Right from 2012, International Day of the Girl Child has been marked on October 11, with the aim to highlight and address the needs and challenges girls face while promoting girls’ empowerment and the fulfilment of their human rights.
This year’s theme: With Her: A Skilled GirlForce, is aimed at diverting the attention of partners and stakeholders to the most pressing needs of girls.
In spite of the challenges that many girls face on the continent, these young geniuses have broken the status quo and achieved the unthinkable. Here are six African girls out of the million who are already changing the world.
At the age of 10, Natalie Wambui from Kenya is already an author, poet, and inspirational speaker. After starting her journey as a book author while in her hospital bed around the age of five, Wambui has made it to the list of a few Kenyan authors whose books are trading on Amazon.
She recently spoke on how her doctor exposed her to authorship.
“When in hospital, my doctor used to encouraged me to keep short journals. Even after leaving the hospital, my writing talent never left me. Something just told me that I should just continue writing.”
Wambui has so far authored three books: Natalie’s Poems, Kenya My Country, My Story,and recently Extraordinary Kenyans doing Extraordinary Things and currently working on the fourth one.
Wambui, who hopes to grow into a reputable author said her writings are meant to give hope to many who are facing challenges in the pursuit of their dreams. Her poems are mainly about people changing the narrative in Kenya and have been inspired by her frustrations about corruption and other social ills in her country.
People from Africa and the rest of the world are obsessed with 10-year-old Erica Tandoh otherwise known as DJ Switch, who shot to fame after winning a TV talent contest in Ghana for kids in 2017.
The following year, she became the youngest ever winner at Ghana’s annual DJ awards after having started DJing only a year ago.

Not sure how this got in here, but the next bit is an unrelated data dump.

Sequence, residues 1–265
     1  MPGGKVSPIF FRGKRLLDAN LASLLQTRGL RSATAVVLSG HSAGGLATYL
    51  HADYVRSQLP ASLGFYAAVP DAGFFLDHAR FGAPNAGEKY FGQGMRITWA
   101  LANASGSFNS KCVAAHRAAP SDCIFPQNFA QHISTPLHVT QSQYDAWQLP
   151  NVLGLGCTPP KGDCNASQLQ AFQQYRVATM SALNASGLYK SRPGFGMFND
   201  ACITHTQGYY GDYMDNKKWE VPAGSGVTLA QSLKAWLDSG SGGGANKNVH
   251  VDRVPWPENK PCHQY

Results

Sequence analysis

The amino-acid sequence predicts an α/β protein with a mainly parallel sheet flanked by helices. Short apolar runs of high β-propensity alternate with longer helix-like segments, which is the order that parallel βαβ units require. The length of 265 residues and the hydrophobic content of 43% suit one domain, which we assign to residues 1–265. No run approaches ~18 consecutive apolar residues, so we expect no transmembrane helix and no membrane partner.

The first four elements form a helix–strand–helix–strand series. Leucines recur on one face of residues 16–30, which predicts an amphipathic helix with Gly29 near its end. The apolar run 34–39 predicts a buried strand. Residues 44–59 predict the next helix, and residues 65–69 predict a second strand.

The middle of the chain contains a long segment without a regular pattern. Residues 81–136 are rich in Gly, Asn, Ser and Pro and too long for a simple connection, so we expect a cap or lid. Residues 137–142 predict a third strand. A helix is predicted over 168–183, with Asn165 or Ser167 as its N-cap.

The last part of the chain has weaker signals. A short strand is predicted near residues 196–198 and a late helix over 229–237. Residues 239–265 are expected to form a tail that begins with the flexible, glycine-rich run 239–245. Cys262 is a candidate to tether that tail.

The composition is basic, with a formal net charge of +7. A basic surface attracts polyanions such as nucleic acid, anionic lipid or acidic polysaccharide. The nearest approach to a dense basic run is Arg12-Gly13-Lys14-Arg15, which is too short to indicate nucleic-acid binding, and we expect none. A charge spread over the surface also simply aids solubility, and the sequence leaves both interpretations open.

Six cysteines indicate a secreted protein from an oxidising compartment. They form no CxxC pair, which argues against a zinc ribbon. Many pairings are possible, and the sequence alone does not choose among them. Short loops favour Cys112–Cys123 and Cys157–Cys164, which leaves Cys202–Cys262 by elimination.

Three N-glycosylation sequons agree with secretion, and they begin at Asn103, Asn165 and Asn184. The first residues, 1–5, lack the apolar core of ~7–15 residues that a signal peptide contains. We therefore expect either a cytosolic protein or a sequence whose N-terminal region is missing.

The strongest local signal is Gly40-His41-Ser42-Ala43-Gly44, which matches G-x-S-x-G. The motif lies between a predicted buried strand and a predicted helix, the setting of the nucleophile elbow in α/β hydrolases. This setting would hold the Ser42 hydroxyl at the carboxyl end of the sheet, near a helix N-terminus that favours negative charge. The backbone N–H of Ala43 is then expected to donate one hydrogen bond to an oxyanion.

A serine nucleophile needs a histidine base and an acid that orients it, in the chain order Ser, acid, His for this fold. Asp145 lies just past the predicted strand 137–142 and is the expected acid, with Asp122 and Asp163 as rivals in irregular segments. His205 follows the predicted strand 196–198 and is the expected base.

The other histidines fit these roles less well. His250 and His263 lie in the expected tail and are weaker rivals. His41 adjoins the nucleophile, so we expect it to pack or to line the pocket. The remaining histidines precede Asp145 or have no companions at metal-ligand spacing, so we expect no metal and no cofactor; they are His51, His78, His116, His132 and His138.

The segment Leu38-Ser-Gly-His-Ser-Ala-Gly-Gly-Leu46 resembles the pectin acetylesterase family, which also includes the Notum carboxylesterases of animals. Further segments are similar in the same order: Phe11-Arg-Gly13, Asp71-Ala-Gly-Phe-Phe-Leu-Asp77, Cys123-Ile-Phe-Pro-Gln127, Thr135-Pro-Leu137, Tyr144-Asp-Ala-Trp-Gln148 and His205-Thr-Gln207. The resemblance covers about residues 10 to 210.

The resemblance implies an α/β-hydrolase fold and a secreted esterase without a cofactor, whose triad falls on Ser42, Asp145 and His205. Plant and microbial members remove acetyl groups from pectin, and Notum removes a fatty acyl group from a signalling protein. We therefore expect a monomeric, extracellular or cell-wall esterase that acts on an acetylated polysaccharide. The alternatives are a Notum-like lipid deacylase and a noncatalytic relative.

In a recent interview with the BBC, DJ Switch said “Being a young DJ is not that difficult.
“When you are being taught in school you pick everything fast. So when you are being taught to DJ you also pick it up fast.”
In school, the young genius plays the trumpet and drums, practices dance and is learning the piano. DJ Switch, who also loves making music said she wants to be a gynaecologist when she grows up because she “wants to help women.”
The youngest talented disk jockey recently wowed the audience in New York for the 2018 Goalkeepers event, including the French president, Emmanuel Macron. Photos and videos of the two chatting at the event trended on social media.
The young Nigerian comedienne rose to fame some three years ago after her Youtube skits went viral. In February, she landed a role in a Disney Hollywood movie, with the news being received with joy by fans and the media from Nigeria and the West African region.
The 7-year-old girl was discovered and managed by her uncle Mark Angel and her popularity has crossed Nigeria’s borders and the continent as she has performed at comedy events in West and East Africa while her Youtube skits and page have gained more than a million views and subscribers respectively.
She is reported to be the first African to have one million subscribers on her YouTube comedy channel. Emmanuella has won several awards including the 2016 Best New Comedienne and Princess of Comedy awards at the Afro-Australia Music and Movie Awards in Australia.
Save A Soul